Re: French izard (was :Re: e: [tied] Re: Finnish KASKA)

From: fournet.arnaud
Message: 54111
Date: 2008-02-25

Dialectal French
>>isard = mountain goat, chamois
>This is a Pyrenean word (Cat. isard, Gasc. izar(t), Arag.

Also Béarn. sàrri. Other variants are Cat. ixarso (Benasc),
Arag. sisar, txizardo, xixardo, ixarzo.

None of this word contradicts
a pre-form &iz- "goat".
Sometimes with reduplication.

Does Basque exhibit cases
of first-syllabe reduplication ?

Only PIE does ?

>most likely connected with Basque izarr "star"
>(also "white spot on the forehead", "centro por donde parte
>el pelo").
>I cannot see the point of a word meaning "star"
>when we have words that mean "goat".
>Un détour inutile.

And of course a word used only in languages around the
Pyrenees (Catalan, Gascon, Aragonese, Languédocien) and
meaning "mountain goat", is extremely likely to be connected
to a Middle Eastern word with with it shares almost nothing
phonetically (the Proto-Semitic is *¿in3-), rather than with
a Pyrinean word which is an exact phonological match.
Hebrew &ez "goat"
Arabic ma&iz "goat"
Is an "exact phonological match" (your wording).
This **XXinX** comes from nowhere.

Next point.
A Pyreaean word is not bound to be
proto-basque or the like.
Naive and superficial.

FRench "gave" mountain strem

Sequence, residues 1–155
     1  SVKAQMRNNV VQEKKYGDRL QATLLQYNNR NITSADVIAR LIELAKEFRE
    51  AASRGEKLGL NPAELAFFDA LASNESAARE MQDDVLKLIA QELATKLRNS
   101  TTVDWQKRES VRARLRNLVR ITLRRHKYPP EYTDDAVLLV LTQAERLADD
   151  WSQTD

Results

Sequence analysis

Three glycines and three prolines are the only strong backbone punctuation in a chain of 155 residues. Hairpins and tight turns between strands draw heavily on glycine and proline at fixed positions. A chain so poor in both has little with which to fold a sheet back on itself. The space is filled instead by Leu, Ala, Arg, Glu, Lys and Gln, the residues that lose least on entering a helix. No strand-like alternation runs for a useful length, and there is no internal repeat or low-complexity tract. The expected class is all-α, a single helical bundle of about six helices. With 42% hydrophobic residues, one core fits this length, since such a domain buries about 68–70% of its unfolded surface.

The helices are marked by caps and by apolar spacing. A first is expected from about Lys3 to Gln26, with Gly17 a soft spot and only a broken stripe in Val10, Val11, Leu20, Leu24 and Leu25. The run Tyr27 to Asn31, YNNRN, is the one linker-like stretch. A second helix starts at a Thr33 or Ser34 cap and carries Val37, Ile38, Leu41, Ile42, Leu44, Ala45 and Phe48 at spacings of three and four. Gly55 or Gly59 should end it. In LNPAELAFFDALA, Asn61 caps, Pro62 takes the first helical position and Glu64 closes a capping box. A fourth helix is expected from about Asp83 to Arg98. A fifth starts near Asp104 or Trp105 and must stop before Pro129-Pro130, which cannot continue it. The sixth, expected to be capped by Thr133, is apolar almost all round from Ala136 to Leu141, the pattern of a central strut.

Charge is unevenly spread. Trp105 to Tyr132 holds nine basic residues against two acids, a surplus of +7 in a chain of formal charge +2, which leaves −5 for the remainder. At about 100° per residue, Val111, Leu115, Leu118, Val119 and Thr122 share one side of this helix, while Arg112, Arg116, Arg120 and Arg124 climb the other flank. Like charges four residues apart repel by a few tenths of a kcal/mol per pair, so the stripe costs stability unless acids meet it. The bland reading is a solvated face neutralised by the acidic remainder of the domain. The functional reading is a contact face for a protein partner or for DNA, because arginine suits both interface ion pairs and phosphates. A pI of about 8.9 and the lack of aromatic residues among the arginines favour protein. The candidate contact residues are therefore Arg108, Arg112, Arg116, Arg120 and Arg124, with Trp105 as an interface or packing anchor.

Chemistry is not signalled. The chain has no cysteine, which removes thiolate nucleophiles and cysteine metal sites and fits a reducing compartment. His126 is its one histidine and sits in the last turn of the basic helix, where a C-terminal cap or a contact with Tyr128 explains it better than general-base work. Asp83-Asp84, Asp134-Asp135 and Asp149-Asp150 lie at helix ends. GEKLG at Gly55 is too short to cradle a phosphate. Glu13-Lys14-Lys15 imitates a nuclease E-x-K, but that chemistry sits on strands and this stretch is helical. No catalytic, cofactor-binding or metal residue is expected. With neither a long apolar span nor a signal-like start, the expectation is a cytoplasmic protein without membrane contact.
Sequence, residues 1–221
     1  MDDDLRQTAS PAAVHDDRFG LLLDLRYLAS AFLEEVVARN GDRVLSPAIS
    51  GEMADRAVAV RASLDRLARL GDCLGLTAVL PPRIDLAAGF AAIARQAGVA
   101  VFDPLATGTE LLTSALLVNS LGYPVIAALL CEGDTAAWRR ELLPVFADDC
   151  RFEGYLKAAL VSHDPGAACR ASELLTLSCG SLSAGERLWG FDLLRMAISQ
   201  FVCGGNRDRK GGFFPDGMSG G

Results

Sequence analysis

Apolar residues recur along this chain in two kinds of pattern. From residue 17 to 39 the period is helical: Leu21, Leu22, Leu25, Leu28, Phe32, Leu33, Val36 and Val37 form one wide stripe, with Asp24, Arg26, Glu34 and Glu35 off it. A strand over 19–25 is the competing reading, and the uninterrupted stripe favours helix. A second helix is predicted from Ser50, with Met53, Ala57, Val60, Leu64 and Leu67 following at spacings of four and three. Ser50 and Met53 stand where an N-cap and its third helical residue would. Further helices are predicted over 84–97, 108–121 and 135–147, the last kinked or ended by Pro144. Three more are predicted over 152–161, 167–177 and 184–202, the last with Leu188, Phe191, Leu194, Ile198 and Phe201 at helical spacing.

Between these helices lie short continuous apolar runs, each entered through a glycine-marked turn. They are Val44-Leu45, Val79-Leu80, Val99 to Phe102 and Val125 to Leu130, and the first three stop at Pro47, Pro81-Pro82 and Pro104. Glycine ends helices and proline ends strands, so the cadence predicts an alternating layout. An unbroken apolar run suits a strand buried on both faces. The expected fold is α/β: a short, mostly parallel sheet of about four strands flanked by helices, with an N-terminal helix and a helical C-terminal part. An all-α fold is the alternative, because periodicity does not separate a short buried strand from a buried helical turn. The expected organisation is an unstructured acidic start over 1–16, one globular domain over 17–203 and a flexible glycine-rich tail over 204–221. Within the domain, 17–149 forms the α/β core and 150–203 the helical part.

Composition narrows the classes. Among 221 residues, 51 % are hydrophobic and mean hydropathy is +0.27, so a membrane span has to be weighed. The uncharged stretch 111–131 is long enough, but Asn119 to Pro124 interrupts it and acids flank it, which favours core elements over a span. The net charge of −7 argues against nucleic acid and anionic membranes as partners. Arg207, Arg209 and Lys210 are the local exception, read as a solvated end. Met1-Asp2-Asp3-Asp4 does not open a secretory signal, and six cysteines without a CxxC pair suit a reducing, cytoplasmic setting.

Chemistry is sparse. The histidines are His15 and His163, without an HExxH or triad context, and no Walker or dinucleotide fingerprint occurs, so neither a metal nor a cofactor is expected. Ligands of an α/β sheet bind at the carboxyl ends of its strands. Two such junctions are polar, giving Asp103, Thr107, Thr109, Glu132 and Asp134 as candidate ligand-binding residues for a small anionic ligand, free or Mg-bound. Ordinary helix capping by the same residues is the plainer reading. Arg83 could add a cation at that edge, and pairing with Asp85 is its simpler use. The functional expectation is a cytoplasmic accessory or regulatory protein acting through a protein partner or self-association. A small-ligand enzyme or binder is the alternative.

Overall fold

is obviously from *gheu "gush, flow"
It's not basque and it's 100%
Pyreneese (from PIE)


What is clear is that isard comes from a Pyrinean substrate
word *izarr or perhaps *itzarr. The phonology is impeccable:
it is precisely in words of this origin that we find both
"i-mobile" (cf. isard ~ sàrri with (
Lat) ibex ~ (Cast) becerro "ibex/calf",
Same as *H2_w- "sheep"
with a more archaic shape
*ib-eks (instead of *ow-)
PIE again
(Lat) Ilerda ~ (Cat) Lleida "Lérida",
(Bsq/Iber) ibaika ~ (Cast) vega "valley") and the
alternation /rr/ ~ /rd/ (cf. isard ~ sàrri with (Cast)
izquierda ~ (Cat) esquerra, (Bsq) ezkerr "left", (Cast)
becerro ~ (Arag) bucardo "calf/ibex", (Cast) cerdo ~ (Bsq)
zerri "pig".
What we don't have is a Basque word *izarr or
*itzarr meaning "chamois".
because Basque is today spoken in areas where there are
unlikely to be chamois present (the mountains are too low).
Maybe Basque also lacks a word
for snow and ice !?